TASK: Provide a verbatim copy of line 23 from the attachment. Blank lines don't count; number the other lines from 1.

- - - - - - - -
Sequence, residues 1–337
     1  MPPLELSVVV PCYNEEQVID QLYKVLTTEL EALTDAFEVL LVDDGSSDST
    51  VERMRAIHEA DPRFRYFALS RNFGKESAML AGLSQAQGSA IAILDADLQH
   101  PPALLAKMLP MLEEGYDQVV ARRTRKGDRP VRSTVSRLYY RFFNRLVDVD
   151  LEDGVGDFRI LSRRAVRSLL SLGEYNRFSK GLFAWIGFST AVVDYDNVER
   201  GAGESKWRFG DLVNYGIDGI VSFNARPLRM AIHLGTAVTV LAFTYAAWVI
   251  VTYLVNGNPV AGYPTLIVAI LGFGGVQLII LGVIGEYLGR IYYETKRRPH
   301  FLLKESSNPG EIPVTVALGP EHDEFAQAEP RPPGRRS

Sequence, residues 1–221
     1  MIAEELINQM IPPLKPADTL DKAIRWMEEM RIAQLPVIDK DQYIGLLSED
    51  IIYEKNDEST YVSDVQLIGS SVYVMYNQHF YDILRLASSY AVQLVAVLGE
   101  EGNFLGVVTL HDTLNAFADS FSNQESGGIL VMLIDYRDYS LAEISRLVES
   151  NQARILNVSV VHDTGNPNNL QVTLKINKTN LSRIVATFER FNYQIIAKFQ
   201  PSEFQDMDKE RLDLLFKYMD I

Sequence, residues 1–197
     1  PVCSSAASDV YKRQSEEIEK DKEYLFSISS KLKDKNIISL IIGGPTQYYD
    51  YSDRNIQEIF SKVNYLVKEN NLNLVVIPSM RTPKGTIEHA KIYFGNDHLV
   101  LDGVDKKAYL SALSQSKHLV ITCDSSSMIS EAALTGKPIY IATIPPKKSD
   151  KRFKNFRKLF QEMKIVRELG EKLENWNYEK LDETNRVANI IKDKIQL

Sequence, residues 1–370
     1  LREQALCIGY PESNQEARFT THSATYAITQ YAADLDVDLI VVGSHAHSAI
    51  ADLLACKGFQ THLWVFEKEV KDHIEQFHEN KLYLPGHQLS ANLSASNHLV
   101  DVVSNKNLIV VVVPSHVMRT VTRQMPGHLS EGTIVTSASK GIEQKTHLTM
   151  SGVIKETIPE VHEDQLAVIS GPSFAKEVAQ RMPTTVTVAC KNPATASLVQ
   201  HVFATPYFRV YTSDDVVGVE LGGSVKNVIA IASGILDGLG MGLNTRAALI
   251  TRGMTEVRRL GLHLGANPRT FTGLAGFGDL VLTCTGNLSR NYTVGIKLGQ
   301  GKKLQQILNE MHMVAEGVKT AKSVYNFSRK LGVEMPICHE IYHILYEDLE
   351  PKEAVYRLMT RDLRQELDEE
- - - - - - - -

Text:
   101  DVVSNKNLIV VVVPSHVMRT VTRQMPGHLS EGTIVTSASK GIEQKTHLTM